Half-baked policy shift
Last Tuesday, news reports showed entrepreneurs and employees in the National Capital Region happily preparing for the next day’s shift to general community quarantine, as announced by Malacañang. Most were in the restaurant and personal grooming sectors, whose operations have been limited or suspended since the NCR was placed under enhanced community quarantine followed by modified ECQ.
Just moments after one such interview was aired in the early evening news, however, there was a news flash: the next day’s announced easing from MECQ to general community quarantine would be postponed for at least a week. Suspended with the GCQ was the shift in strategy from widespread to granular lockdowns, with a storm-type alert level system for determining which areas would be placed under localized hard lockdown.
One explanation given for the sudden change of mind of the Inter-Agency Task Force for the Management of Emerging Infectious Diseases was that the implementing guidelines for the shift were not yet ready. An official said the IATF possibly also heeded concerns raised by health frontliners, who have lamented the decision to ease quarantine restrictions as COVID cases surge to record highs.
The surge has been attributed to the confirmed community transmission of the highly infectious Delta variant nationwide. The Alpha and Beta variants, which were responsible for last summer’s deadly COVID surge, are also still around.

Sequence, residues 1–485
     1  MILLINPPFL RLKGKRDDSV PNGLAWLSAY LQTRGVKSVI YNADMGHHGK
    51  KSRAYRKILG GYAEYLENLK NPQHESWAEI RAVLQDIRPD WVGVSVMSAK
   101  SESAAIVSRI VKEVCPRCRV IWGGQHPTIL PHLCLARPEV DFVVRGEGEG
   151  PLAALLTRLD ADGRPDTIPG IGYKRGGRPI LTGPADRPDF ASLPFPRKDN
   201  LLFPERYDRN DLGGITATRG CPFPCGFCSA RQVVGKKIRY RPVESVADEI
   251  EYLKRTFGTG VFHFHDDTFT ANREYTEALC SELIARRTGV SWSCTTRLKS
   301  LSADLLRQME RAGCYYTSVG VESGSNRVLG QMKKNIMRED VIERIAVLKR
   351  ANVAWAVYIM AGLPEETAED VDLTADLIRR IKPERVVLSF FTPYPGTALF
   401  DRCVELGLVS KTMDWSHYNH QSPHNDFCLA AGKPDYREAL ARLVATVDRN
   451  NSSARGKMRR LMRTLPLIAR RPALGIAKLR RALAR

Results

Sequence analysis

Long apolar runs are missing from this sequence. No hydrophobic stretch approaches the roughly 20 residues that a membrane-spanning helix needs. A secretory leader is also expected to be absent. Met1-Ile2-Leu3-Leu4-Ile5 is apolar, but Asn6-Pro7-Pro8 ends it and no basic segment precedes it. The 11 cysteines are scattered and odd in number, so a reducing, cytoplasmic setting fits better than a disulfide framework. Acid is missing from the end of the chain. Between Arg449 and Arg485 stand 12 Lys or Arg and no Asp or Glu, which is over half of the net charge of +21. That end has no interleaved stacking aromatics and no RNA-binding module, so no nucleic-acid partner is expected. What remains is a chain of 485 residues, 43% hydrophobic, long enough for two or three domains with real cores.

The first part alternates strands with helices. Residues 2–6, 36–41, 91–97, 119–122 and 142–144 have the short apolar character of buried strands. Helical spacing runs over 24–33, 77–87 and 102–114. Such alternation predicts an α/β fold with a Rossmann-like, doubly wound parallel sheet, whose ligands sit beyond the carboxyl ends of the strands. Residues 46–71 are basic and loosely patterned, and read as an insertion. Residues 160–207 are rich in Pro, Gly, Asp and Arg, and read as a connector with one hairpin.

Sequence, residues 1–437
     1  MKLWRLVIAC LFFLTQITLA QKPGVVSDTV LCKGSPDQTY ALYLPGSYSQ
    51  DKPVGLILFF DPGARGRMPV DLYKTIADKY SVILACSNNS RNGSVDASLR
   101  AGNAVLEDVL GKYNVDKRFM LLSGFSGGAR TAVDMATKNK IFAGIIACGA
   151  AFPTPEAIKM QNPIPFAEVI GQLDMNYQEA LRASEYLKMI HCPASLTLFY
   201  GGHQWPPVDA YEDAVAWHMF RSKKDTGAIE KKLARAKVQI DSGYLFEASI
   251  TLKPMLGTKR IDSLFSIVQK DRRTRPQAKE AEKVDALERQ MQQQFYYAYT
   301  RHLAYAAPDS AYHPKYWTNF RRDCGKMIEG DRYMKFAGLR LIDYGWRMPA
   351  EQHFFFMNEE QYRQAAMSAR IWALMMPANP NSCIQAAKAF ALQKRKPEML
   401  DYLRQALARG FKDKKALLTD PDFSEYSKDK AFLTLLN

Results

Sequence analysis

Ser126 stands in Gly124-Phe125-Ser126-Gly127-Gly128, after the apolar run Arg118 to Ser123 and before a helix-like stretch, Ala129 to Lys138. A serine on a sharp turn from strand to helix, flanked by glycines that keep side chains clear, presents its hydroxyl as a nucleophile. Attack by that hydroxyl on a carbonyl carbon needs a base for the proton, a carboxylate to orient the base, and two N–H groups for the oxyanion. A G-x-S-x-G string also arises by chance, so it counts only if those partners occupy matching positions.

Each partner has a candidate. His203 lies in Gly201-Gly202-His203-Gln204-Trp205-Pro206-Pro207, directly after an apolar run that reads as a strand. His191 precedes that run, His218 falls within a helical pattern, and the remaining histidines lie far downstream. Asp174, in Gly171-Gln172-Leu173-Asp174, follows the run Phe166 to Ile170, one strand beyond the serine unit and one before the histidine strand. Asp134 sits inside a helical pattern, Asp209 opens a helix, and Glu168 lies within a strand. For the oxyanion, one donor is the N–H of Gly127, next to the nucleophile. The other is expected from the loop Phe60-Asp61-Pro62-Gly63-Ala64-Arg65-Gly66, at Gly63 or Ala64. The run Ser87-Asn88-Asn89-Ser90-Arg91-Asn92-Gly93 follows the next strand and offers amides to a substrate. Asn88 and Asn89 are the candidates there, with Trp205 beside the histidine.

Yesterday, there were social media posts and media interviews of people dismayed by the flip-flopping, which compounded the confusion over what granular lockdowns and the storm-type alert levels would entail exactly. One restaurant owner lamented that they had already bought meat and other perishables in bulk in anticipation of the next day’s reopening.
While people understand the difficulty of dealing with a deadly virus that keeps mutating, it must be possible to minimize the confusion and issue clear messages. A significant shift that affects business operations and could have a major impact on public healthcare needs full staff work, with potential problems addressed and different sectors consulted before being approved and announced to the public.
Edgardo Lacson, acting president of the Philippine Chamber of Commerce and Industry, summed up the sentiment of its members: “Authorities must be prudent in prematurely announcing half-studied policies or policy shifts as they have tremendous impact on business operations and people’s daily lives.” The half-baked policy shift also reinforces perceptions about the incoherence of the government’s pandemic response.